This article originally ran in the Ruston Daily Leader on December 22, 2009.
December through early March is an excellent time to plant these trees. Some are native to Louisiana, and some were introduced from other countries.
One of the earliest-blooming trees is the Taiwan flowering cherry (Prunus campanulata). It blooms in late January or in February. The attractive flowers are vibrant, deep pink and blossom in great abundance before the leaves emerge. This is one of the few flowering cherries that grows and blooms reliably this far south.
The Okame flowering cherry also grows successfully in Louisiana and is especially recommended for north Louisiana because it blooms later, and the flowers are less likely to be damaged by a freeze. Pale pink flowers are produced late February through early April.
The Oriental magnolia (Magnolia x soulangiana) is one of the most spectacular spring-flowering trees because its flowers are so large. Unlike the evergreen Southern magnolia, the Oriental magnolia is deciduous, losing its leaves in winter. Appearing before the foliage in February, the fragrant flowers are tulip-shaped, 4 to 6 inches across and may be pale pink to purple on the outside and white on the inside. Long-lived and reliable, Oriental magnolias grow 15 to 20 feet tall and need a sunny, well-drained location.
A smaller magnolia is the star magnolia (Magnolia stellata). It grows 10 to 12 feet tall and is more shrublike. Its white or pale pink flowers are star-shape and wonderfully fragrant. Blooming in late January or in February before the foliage, the star magnolia is an excellent choice for small gardens.
The native silver bell (Halesia diptera) is a lovely tree that produces small, four-petal, white flowers that hang down in large numbers from the branches. The thin leaves allow light to filter through, creating a lovely effect under the tree. Silver bells thrive in Louisiana and, once established, grow rapidly, maturing at 25 to 30 feet. They grow well with light shade or in full sun. This tree is being promoted as a replacement for dogwoods.
Hawthorns are a wonderful group of native trees that provide spring bloom as well as fruit for humans or wildlife to eat. Growing 15 to 20 feet tall, the parsley hawthorn (Crataegus marshallii) is an excellent choice in patio or small plantings. The clusters of white flowers appear in March or April and are soon followed by the foliage, which looks like flat Italian parsley. The small red fruit that ripen in fall are relished by mockingbirds. Parsley hawthorn is tolerant of poorly drained soils and grows in full sun to part shade. The hawthorn group also includes mayhaw.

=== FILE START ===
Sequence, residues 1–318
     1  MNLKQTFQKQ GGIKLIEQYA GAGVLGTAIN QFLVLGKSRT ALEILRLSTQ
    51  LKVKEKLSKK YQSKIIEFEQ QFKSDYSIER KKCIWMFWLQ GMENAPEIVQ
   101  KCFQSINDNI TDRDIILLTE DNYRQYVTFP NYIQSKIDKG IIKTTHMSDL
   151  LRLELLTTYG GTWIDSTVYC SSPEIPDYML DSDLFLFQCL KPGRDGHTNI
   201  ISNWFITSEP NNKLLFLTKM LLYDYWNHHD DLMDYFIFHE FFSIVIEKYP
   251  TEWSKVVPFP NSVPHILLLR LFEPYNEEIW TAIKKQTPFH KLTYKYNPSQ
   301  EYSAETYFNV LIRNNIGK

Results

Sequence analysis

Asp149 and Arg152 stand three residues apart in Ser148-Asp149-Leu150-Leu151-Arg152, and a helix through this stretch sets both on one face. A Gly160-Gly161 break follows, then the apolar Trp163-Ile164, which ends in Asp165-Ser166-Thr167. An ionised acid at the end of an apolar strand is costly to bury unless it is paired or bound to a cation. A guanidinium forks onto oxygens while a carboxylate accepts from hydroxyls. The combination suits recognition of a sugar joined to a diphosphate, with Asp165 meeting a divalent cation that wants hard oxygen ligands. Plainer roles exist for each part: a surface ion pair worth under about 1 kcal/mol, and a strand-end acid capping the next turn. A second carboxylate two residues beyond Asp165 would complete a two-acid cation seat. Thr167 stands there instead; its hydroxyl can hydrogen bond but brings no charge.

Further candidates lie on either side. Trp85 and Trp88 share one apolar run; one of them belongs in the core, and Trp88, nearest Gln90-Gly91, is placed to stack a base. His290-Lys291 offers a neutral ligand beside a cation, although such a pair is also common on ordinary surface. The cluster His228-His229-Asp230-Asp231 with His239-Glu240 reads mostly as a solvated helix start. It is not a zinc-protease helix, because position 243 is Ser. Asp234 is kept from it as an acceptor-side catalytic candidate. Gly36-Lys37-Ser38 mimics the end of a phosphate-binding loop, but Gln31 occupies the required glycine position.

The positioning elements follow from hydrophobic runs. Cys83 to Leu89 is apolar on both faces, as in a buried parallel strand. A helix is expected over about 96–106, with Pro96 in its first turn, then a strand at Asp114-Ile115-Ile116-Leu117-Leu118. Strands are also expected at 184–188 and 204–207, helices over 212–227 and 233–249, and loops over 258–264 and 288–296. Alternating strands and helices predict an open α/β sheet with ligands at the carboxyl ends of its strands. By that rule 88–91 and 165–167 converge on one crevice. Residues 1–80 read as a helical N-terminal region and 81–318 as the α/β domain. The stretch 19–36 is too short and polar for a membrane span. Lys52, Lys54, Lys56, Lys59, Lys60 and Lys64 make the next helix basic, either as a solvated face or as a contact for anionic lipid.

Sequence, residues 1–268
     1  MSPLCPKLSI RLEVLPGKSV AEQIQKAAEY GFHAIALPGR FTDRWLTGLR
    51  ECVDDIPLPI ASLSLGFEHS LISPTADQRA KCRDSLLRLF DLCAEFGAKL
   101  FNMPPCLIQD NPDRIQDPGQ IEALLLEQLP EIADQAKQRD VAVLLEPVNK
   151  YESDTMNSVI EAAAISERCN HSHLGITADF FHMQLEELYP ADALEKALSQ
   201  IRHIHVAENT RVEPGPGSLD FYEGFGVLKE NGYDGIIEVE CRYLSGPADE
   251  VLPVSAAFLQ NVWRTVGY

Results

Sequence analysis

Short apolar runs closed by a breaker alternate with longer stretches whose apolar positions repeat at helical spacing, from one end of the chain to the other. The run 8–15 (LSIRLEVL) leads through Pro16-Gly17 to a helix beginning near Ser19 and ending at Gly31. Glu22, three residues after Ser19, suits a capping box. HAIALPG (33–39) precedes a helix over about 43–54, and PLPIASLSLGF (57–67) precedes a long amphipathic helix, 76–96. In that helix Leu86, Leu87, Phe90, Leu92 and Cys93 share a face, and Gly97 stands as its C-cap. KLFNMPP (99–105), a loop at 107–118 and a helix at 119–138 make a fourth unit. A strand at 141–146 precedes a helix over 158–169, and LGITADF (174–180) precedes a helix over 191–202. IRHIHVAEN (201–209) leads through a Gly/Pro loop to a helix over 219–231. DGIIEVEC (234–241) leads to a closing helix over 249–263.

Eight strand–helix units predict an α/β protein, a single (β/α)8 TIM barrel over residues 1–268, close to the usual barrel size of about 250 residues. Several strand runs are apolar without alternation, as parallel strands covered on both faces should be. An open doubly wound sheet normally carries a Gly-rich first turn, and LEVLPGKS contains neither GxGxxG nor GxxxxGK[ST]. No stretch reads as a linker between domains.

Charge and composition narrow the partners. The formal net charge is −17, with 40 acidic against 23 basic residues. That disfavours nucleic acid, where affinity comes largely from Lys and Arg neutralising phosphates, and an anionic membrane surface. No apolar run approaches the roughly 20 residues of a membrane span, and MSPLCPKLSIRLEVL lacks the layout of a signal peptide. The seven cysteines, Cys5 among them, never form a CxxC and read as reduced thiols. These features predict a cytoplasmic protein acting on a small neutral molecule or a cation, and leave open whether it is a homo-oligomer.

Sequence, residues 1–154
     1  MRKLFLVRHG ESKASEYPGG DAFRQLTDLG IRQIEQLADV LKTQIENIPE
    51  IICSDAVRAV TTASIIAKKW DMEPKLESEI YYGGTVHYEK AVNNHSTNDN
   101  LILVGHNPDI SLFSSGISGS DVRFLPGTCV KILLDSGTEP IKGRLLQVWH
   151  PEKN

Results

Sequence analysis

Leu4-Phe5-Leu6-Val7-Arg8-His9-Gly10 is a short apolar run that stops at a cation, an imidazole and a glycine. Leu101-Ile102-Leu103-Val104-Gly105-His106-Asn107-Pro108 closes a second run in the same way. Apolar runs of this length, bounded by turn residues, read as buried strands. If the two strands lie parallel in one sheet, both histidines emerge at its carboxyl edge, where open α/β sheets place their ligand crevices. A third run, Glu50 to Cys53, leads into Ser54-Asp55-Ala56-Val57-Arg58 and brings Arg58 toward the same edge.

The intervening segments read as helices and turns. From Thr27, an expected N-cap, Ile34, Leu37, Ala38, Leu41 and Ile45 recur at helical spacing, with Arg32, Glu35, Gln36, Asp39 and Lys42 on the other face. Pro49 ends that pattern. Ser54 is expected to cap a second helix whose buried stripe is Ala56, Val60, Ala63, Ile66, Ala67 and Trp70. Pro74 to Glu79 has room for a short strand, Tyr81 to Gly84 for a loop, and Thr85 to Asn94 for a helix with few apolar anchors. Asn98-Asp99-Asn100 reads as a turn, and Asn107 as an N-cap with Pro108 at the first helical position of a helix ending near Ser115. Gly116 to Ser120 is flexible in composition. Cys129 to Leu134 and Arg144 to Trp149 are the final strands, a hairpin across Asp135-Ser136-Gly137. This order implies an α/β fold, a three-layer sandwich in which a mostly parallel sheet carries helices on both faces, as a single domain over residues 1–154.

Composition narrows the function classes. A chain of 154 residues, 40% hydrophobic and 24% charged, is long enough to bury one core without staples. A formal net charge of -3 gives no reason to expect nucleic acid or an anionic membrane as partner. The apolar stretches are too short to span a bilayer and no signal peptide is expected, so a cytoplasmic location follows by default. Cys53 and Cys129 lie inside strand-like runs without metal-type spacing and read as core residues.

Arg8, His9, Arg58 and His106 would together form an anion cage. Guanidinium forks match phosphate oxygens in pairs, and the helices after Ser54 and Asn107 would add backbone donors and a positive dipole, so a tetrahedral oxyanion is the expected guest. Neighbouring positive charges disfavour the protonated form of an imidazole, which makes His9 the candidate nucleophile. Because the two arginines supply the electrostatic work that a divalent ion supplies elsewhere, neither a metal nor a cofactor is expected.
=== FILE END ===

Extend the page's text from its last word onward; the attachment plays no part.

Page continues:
The American fringe tree (Chionanthus virginicus) produces clusters of flowers with long, narrow, greenish-white petals that grow in masses all along the branches. The narrow petals and hanging habit give the flowers a fringe or beardlike appearance. In the wild, you usually see them growing on the edge of the woods. They thrive in full sun to partial shade in well-drained locations. The Chinese fringe tree (Chionanthus retusus) also grows well here and is even showier than our native species.
Another excellent spring-flowering tree is the redbud (Cercis canadensis), which usually blooms in late February or in March. Small, pinkish-purple, pealike flowers are produced in unbelievable profusion along the branches (and even on the trunk!) before the leaves appear.
The habit of blooming before the leaves grow out is fairly common among the spring-flowering trees and really adds to the impact of the flowers. Redbuds are relatively fast-growing once established and prefer full sun and a well-drained location. Many advances have been made in redbuds over the past 20 years. A popular variety at garden centers now is Forest Pansy.
Come to LaHouse in Baton Rouge to see our tree-planting efforts and sustainable landscape practices in action. The home and landscape resource center is located near the intersection of Burbank Drive and Nicholson Drive (La. Highway 30) in Baton Rouge across the street from the new LSU baseball stadium. Go online to www.louisianahouse.org and www.lsuagcenter.com/lyn for more information.
For more information regarding this or any other horticulture topic please contact me or your parish Extension office .